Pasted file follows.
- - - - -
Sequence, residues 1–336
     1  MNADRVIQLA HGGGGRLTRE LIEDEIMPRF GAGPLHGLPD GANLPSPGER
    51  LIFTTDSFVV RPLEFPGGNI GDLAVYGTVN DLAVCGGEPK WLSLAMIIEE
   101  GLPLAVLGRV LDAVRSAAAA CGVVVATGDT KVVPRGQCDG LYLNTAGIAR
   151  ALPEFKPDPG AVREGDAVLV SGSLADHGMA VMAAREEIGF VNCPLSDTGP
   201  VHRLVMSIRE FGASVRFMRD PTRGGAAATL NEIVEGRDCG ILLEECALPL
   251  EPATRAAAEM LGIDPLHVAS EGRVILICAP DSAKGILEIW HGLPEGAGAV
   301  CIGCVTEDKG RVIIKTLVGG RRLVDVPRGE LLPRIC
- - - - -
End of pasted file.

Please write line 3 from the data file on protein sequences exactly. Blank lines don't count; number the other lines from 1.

    51  LIFTTDSFVV RPLEFPGGNI GDLAVYGTVN DLAVCGGEPK WLSLAMIIEE